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Watch Dogs Review

Developer: Ubisoft Montreal | Publisher: Ubisoft
Players: 1+ Player Game | Release Date: 05/27/14 | Genre: Action

‘Everything is connected...’ In the world of Watch Dogs everything is connected, and impacts different aspects of the game. Playing Watch Dogs, you take the role of Aiden Pearce, a hacker turned vigilante after a hitman is sent after him and his loved ones as revenge for one of his attempted hacks, and the only person to survive a devastating car crash caused by the hitman is himself. I say ‘attempted hack’ because that’s exactly what it was, merely attempted, and you will play the rest of the game, in the end, to eventually find out what exactly Aiden was going to uncover if the hack had been successfully completed, as well the person whom was responsible for sending the hitman--with plenty of plot twists and turns along the way.

While on the subject of the storyline, I have to say that, to me, it is what stood out most prominently as a good aspect of the game. Some of the plot twists I’ve seen previously, and were a little unoriginal, but I feel that they still brought the story across really well, that got you to connect with Aiden and the characters surrounding him. That’s just my opinion, though--take it for what you will.

Watch Dogs isn’t just some visual novel or something, though--it’s an action game! The way that Ubisoft managed to blend the hacking aspects of the game with gunfights, and car chases is definitely something to behold, and immensely fun to play. One thing I will have to point out, though, as far as the mechanics go is the fact that, during a police chase, when erupting a pipe under the street, it typically does not take out but one police car, even though the area of effect should be large enough to hit 2, if not 3 cars. Aside from that little bit, I would have to say I was greatly impressed with the mechanics of the game.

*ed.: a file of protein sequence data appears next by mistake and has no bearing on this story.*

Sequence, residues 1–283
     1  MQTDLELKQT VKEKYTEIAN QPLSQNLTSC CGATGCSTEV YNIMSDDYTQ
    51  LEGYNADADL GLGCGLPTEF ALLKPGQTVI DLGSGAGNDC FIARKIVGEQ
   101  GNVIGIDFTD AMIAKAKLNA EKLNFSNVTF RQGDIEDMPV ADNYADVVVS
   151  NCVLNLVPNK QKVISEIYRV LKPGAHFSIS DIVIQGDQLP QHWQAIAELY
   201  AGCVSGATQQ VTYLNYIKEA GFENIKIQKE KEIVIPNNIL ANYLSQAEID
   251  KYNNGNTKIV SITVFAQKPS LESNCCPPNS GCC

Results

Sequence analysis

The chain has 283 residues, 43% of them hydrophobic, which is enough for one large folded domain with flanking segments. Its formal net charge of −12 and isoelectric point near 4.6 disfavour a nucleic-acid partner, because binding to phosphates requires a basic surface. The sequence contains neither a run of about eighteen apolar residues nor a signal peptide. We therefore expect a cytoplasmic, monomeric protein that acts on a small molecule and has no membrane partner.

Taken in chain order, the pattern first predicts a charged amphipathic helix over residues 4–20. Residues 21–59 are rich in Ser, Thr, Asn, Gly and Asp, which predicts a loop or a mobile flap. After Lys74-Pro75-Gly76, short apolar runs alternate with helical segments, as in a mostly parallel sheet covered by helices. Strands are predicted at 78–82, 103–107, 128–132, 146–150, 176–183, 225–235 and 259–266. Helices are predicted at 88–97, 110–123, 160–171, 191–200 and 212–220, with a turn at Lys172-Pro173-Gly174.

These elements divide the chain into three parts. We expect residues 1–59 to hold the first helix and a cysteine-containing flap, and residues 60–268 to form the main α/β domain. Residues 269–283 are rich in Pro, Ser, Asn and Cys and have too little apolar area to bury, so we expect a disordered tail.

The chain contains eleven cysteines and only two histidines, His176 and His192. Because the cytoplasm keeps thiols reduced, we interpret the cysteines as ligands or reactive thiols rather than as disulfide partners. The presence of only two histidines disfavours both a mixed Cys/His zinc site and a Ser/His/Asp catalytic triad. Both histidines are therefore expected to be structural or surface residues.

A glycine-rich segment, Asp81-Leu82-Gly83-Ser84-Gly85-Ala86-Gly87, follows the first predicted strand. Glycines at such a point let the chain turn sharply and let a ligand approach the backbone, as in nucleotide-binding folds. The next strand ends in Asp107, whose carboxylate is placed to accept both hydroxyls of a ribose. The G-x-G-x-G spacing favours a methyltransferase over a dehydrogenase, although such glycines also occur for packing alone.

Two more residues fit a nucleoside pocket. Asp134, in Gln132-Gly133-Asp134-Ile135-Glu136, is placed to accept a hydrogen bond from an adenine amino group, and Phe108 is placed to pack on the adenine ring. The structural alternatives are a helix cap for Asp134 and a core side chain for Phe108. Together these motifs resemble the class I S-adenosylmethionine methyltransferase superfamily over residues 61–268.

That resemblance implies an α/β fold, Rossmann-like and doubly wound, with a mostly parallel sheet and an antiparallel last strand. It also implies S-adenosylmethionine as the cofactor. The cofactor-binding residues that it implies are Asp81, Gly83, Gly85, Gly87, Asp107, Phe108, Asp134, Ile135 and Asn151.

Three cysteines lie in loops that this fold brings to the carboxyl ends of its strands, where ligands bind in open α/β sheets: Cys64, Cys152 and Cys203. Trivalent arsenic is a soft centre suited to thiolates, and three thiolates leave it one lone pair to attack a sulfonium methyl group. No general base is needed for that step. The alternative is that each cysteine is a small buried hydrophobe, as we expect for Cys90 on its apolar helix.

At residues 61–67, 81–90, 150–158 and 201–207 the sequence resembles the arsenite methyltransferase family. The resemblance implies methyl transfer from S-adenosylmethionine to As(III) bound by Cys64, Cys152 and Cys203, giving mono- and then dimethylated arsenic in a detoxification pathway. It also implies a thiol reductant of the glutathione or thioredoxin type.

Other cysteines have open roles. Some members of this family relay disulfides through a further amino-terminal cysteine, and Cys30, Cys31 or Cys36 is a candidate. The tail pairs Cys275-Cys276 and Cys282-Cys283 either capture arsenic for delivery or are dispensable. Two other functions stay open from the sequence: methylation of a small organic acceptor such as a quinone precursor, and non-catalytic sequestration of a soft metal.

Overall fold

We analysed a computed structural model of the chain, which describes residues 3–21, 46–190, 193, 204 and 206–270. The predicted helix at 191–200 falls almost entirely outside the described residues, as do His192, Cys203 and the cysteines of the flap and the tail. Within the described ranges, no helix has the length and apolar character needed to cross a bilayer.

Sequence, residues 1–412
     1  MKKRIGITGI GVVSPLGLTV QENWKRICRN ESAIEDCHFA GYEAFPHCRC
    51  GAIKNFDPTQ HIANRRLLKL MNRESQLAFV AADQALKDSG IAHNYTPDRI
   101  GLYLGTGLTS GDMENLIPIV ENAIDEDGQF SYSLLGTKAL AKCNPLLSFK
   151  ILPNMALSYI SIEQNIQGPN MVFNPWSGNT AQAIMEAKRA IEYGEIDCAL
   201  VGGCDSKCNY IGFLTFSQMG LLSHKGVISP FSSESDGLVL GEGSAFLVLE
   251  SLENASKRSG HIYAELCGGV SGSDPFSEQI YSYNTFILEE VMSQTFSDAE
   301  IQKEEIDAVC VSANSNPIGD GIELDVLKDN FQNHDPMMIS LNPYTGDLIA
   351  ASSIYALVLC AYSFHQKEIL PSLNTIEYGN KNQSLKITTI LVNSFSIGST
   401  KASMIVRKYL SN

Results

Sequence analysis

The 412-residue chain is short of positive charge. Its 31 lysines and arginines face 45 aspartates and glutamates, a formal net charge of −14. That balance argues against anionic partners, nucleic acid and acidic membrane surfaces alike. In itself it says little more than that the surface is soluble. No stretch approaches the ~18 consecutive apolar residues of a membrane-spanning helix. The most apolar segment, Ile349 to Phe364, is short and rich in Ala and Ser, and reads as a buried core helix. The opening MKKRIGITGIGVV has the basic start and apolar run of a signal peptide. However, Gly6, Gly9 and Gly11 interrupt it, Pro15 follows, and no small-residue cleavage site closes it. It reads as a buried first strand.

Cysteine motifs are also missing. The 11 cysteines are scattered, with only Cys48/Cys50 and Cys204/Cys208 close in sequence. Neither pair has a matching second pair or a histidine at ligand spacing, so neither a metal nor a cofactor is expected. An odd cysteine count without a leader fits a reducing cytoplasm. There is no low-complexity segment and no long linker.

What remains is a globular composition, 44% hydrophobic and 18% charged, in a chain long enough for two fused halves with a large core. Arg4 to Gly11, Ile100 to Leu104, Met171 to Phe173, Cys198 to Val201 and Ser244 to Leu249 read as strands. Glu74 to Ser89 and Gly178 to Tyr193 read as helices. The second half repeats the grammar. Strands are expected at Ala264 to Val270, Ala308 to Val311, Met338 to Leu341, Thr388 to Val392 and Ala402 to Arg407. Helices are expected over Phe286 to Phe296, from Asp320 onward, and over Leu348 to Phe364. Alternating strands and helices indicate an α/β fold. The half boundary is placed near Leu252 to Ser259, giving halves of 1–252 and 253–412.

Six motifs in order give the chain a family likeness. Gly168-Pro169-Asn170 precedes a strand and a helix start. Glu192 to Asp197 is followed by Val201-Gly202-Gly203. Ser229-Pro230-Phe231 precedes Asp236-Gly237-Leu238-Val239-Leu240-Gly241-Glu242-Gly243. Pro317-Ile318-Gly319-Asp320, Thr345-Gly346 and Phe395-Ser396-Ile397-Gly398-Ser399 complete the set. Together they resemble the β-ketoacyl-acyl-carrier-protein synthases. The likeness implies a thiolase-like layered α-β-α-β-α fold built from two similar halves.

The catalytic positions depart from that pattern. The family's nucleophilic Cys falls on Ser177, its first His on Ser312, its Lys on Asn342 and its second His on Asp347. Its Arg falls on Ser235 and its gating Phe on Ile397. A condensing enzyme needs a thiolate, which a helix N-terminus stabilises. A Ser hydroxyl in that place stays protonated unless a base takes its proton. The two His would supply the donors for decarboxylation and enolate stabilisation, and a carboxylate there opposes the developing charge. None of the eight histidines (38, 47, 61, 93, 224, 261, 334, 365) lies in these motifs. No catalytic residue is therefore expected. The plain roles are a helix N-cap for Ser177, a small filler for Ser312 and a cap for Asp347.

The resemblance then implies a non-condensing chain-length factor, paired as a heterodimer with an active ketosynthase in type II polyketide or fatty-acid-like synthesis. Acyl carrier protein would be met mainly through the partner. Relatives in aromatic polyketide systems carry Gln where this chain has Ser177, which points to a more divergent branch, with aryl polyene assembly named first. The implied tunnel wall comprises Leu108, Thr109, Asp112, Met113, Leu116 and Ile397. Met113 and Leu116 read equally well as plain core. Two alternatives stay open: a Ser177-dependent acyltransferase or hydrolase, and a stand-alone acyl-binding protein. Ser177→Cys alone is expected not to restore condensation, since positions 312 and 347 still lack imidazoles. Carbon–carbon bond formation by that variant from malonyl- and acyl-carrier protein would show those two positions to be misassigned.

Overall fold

Everything is connected, I already mentioned that, right? In Watch Dogs your primary weapon is Aiden’s smartphone, yes? Well, what better than to use your own phone to take part in this game? Well, Ubisoft made that possible too. Since this review is about the game and not about the companion app, I won’t go into too heavy of detail, but I will say that I think that Ubisoft did a superb job in integrating the use of the mobile app in tandem with the game. The only thing one might be a little disappointed about was the fact that we were originally told that a player on the console or PC game would be able to ‘call for assistance from a mobile player,’ though there is no such ability to do this, which is fairly disappointing.

I would say that the single player aspects of Watch Dogs were done really well, but I do think that the multiplayer system was a bit under-developed and a little lacking. First off--when you think about playing multiplayer on a game, what usually comes to mind? I don’t know about you, but, for me, I typically first think about playing with friends. Well, there are multiplayer game modes with teamplay involved, but, what good does that do you if there is no way to group up with your friends, and you end up on opposite teams, when what you wanted to do was play with your friends, and not against them? So, first and foremost, this is my number one plight with the game.